By Francesco Bianchi, Luca Bonfanti, Luca Ferrario, Roberta Rosina, Giulia Zoccarato

Someone spots the light,
someone shares the file.

File sharing, from few passionate ones’ technology, is today a daily life reality for the majority of Internet users. Thanks to its revolutionary concept, it changed the way of living the Net, introducing the possibility of enjoying instantly all kinds of medias, from movies to music, software, books, etc… The other side of the coin of this revolution, though, is that 98% of shared materials through peer to peer services are copyrighted: inevitably, this fact turns file sharing into an almost only illegal practice. So, inside our research path, we decided to focus on what file sharing implies: which are its effects on society and on the Internet? Which are the legal and economic consequences? Is there a difference between consequences and effects? Starting from here, we agreed on designing four queries which tried to investigate Web opinions about the possible controversy of positioning divergences on the theme, from big majors to technological blogs. Effects and consequences are the center of research, while file sharing is the theme, also called piracy, to understand if this word is used as an informal/derogatory synonymous or just as a alternate technical term. The four starting queries, “file sharing” + consequences, “file sharing” + effects, piracy + consequences, piracy + effects, were designed to answer the question:

“How much the effects of copyright infringement through illegal file sharing, also called piracy, are seen as negative/damaging from an economic, legal, ethical point of view?”

Indeed, right from the start, it was clear that opinions about our controversy focused on three main fields: economic aspect, that means whether copyright owners lose profit or not; legal aspect, which includes countermeasures and lawsuits started after infractions, that are judged licit or not; ethical aspect, about security, control, privacy and the future face of the Internet. From this question, we started analyzing and digging inside datasets and queries results, to understand as deeply as we could the real essence of this controversy.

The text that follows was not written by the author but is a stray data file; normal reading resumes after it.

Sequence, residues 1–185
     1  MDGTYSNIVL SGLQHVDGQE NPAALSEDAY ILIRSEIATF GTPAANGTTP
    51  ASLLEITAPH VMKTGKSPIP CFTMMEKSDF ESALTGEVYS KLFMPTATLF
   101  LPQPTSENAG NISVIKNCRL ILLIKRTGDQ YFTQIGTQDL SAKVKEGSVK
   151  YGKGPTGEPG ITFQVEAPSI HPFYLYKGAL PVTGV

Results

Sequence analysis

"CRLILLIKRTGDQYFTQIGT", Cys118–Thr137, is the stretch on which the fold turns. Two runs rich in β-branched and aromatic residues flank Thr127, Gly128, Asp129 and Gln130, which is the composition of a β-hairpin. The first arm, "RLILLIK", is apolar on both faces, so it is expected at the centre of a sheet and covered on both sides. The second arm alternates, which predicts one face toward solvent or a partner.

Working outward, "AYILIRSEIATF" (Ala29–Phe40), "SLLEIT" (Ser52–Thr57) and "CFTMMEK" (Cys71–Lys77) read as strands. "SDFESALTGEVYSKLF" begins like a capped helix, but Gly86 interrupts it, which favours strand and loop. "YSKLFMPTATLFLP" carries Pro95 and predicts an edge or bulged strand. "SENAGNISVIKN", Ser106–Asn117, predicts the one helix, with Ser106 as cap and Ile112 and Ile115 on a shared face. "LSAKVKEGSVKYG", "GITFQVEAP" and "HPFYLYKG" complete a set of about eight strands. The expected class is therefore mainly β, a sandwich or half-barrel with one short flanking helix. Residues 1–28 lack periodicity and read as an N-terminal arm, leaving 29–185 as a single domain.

Wikipedia "See Also" analysis: a huge cloud of topics (about property)

This graph shows the connections between the third level’s “See Also” links of five pages in Wikipedia that have been chosen to represent the theme.

Web pages analysis: happenings count

Web pages analysis through Google about how much the Internet talked about file sharing and piracy effects/consequences during the last decade, crossed with most relevant theme's events.

TF-IDF: always the enimies decide what to talk about

The graph shows the results of TD-IDF analysis made on the texts taken from the first 200 web pages from Google. The queries used to search are “file sharing”+ effects, “file sharing”+ consequences, piracy effects and piracy consequences.

Geonames frequence map: Hot Spots

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Web pages analysis vs. Case Law:
Look at the finger, not at the Moon

This research allows to make a comparison between what is discussed on the web and what really matters in court, underlining the differences and the focus change between the two "places".

Named entities connections: Don't sneak inside opponents' barricade

The aim of the graph is to show if there are simple and basic connections between the main named entities in the webpages analysis, and to prove that Enemies, Neutrals and Friends live on different worlds.

Newspapers' API Analisys: Spotting the Pirates

The graph shows a list with the 10 most discussed trends per year, from 2002 to 2014. These trends are referred to the New York Times and The Guardian articles.